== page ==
Carl Jung’s Psychological Diagnosis Using Mandalas
Mandalas have been used in many ancient cultures like Buddhism, Hinduism, Native American, Australian Aboriginal as a symbol of the universe and wholeness. Literally speaking, mandala is a geometrical form – a square or a circle – abstract and static, or a vivid image formed of objects and/or beings. It’s a cosmic diagram that reminds us of our connection with the infinite.
Interestingly, Carl Jung, the Swiss psychiatrist, explored the psychological effects of mandalas, while studying Eastern religion. He is credited with introducing the Eastern concept of the mandala to Western thought and believed its symbolic of the inner process by which individuals grow toward fulfilling their potential for wholeness.
According to Jung, “In such cases it is easy to see how the severe pattern imposed by a circular image of this kind compensates the disorder of the psychic state– namely through the construction of a central point to which everything is related, or by a concentric arrangement of the disordered multiplicity and of contradictory and irreconcilable elements. This is evidently an attempt at self-healing on the part of Nature, which does not spring from conscious reflection but from an instinctive impulse.”
Jung used mandalas in his psychotherapy by getting patients, who had no knowledge of it, to create individual mandalas. This enabled him to identify emotional disorders and work towards wholeness in personality.
He realised there was a great deal of similarity in the images they created. “In view of the fact that all the mandalas shown here were new and uninfluenced products, we are driven to the conclusion that there must be a transconscious disposition in every individual which is able to produce the same or very similar symbols at all times and in all places. Since this disposition is usually not a conscious possession of the individual I have called it the collective unconscious, and, as the basis of its symbolical products, I postulate the existence of primordial images, the archetypes.”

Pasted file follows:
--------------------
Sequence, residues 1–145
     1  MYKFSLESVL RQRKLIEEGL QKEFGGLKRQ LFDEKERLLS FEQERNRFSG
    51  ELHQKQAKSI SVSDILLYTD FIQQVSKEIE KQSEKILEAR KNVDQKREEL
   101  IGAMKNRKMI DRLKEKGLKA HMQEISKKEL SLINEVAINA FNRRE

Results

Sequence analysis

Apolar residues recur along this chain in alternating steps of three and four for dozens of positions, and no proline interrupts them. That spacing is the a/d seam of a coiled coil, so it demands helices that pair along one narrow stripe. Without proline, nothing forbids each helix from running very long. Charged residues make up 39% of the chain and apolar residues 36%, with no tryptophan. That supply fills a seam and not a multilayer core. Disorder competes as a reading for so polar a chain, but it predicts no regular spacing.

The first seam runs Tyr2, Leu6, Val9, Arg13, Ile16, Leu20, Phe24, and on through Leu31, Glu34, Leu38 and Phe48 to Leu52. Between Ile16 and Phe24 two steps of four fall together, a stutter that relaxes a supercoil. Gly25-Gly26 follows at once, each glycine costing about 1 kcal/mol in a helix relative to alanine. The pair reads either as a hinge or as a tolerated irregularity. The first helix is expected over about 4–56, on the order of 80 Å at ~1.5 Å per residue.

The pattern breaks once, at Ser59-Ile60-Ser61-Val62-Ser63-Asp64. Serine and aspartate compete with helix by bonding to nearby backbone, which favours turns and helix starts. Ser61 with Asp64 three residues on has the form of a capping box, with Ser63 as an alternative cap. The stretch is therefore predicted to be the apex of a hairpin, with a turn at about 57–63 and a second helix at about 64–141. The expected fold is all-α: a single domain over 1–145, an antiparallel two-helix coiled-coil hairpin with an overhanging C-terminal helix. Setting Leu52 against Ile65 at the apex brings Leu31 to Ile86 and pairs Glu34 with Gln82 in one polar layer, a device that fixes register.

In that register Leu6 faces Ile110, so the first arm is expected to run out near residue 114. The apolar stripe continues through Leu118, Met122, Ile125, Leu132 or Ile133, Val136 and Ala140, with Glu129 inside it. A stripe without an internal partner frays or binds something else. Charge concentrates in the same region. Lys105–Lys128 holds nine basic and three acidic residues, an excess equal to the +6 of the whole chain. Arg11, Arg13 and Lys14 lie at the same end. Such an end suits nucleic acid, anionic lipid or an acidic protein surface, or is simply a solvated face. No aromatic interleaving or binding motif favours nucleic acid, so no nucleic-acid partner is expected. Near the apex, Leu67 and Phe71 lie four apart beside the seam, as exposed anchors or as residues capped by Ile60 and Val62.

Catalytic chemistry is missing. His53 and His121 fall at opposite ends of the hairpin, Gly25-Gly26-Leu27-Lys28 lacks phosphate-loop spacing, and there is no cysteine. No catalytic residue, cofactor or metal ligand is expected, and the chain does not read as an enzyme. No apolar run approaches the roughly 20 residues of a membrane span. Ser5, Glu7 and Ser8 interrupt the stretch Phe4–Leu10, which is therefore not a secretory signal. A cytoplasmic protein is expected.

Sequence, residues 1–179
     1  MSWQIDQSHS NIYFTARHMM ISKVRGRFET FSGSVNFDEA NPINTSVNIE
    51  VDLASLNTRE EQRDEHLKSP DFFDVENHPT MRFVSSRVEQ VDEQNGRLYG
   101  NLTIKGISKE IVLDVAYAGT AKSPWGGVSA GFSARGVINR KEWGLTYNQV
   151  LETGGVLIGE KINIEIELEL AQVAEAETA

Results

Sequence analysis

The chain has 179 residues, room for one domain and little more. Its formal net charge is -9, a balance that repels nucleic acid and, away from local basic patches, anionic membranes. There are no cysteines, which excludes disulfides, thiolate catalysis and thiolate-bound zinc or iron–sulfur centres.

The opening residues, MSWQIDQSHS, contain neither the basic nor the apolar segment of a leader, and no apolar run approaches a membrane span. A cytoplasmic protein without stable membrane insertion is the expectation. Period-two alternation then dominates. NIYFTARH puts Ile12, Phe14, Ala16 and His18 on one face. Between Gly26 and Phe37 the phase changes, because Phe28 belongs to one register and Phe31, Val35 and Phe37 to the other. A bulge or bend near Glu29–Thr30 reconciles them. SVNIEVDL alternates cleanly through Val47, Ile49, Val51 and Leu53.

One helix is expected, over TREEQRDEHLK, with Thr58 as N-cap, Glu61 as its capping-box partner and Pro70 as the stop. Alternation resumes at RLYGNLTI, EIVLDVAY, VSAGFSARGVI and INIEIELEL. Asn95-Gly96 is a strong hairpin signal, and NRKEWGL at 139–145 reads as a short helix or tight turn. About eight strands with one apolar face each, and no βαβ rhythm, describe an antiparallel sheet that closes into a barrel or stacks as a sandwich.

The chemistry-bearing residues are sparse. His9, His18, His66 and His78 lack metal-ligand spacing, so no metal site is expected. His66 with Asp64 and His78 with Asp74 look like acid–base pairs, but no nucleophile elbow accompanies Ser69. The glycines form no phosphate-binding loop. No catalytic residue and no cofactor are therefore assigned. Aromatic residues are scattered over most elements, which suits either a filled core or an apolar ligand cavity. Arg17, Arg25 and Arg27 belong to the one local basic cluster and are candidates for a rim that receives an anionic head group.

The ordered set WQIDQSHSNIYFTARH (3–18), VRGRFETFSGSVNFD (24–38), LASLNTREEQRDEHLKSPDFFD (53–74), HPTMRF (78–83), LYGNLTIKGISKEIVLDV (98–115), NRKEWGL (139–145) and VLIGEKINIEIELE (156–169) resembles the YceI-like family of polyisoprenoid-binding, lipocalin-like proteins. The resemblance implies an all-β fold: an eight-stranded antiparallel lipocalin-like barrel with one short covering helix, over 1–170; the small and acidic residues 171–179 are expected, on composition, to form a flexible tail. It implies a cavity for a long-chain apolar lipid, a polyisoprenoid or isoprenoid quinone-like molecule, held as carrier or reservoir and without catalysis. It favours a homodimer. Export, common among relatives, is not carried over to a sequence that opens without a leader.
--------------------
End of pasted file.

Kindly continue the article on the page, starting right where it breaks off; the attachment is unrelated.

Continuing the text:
Mandala is like a design that triggers something within us, a sacred geometry in which we recognise our self and our place in the cosmos.
It is an ancient and fundamental relationship from which we have strayed and the mandala is the key that can help us return to it. Especially, when the inner self is challenged by ego, harmony has to be restored.
During such times, mandalas can guide you to listen to the inner voice and find yourself. Like Jung stated, “It became increasingly plain to me that the mandala is the center. It is the exponent of all paths. It is the path to the center, to individuation.”